COMMENT

It's that time of year when students are trying to find flats and accommodation. Before the mad rush of January... before everything gets snapped up, before they're left without a plan.

And I feel for them. It's tough.

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Not just for the students but also the hard working young people - anyone in fact whose looking for accommodation and finding it extortionately expensive. Prohibitively so.

Forget getting on the property ladder, I'm not even talking about house purchases because many have already worked out that's a pipe dream and won't ever happen for them. I'm just talking renting.

To rent a place in any major city these days is right up there.

It's a good chunk of your wages just for a two-bedroom with a questionable bathroom.

one roof

I know tenants can be ratbags and being a landlord is tough, but boy are the landlords making money. They've got to be. The stuff they're advertising for top dollar for those on a living or minimum wage is at times laughable.

But they're getting away with it because someone somewhere will pay for it.

And because the market is tight and the competition is huge, tenants can't afford to be fussy.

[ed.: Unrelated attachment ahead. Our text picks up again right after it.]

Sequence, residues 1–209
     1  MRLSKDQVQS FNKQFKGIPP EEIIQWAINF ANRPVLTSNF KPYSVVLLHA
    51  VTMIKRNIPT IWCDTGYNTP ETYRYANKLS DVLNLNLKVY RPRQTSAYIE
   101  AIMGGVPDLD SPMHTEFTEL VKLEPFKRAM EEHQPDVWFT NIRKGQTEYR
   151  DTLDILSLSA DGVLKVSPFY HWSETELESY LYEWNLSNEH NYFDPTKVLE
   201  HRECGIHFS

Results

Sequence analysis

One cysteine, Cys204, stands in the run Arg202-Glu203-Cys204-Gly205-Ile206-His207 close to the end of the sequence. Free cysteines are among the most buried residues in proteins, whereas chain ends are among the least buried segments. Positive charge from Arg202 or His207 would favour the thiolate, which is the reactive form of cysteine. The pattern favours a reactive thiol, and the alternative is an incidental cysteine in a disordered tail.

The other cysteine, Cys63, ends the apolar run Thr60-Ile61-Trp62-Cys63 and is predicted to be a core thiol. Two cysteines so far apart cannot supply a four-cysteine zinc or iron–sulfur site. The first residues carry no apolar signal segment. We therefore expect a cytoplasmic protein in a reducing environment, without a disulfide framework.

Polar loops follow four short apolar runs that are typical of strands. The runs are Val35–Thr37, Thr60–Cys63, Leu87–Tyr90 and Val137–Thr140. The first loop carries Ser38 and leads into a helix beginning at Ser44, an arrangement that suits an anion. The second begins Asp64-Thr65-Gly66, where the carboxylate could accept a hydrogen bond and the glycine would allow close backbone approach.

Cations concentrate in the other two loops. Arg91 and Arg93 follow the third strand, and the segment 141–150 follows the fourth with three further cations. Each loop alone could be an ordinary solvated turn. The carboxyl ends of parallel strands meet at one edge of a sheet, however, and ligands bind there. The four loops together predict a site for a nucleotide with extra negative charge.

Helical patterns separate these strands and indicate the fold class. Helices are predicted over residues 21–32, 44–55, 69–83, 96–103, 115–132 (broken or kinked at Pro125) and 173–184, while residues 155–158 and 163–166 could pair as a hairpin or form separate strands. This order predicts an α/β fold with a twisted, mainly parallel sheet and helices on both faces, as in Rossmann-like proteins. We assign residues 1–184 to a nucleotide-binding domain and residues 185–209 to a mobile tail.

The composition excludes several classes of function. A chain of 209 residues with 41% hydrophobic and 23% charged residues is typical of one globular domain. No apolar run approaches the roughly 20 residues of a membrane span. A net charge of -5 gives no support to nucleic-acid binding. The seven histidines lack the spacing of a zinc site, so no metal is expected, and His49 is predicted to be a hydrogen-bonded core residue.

I'm not saying young renters need subway-tiled splashbacks and hot and cold aircon, I'm just saying the bare bones basics of a flat that doesn't leak, or doesn't have mould up the bathroom walls.

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We know a bunch of young people looking for flats at the moment. Often times they turn up to a viewing and they're 40 deep in a queue.

Despite the Government's new rules around rentals, it's still a landlord's game. mThey still pick and choose who they want in there, they still call all the shots.

One young male we know of was told he was the wrong age, the wrong gender, and the wrong ethnicity. The owner wanted an older tenant, female, and preferably of another race. How do they get away with this? Because they can. Because the line is 40 deep and someone will fit the bill.

You have to jump through hoops, and be the most attractive candidate for their property, even when that property is a shoebox with a communal laundry and even when you have no idea what the "right" candidate is. It's a crap shoot.

Kate Hawkesby. File photo / Michael Craig
Kate Hawkesby. File photo / Michael Craig

So I feel for all the young people finishing up school right now and trying to set up for next year - for their first year of Uni; for their new job; or for their new life outside of school.

As they strive for independence in this allegedly progressive and woke 2019 world, where you're ironically still being told you're the wrong age, gender or race for a flat.

It's tough. No wonder so many are staying home for longer.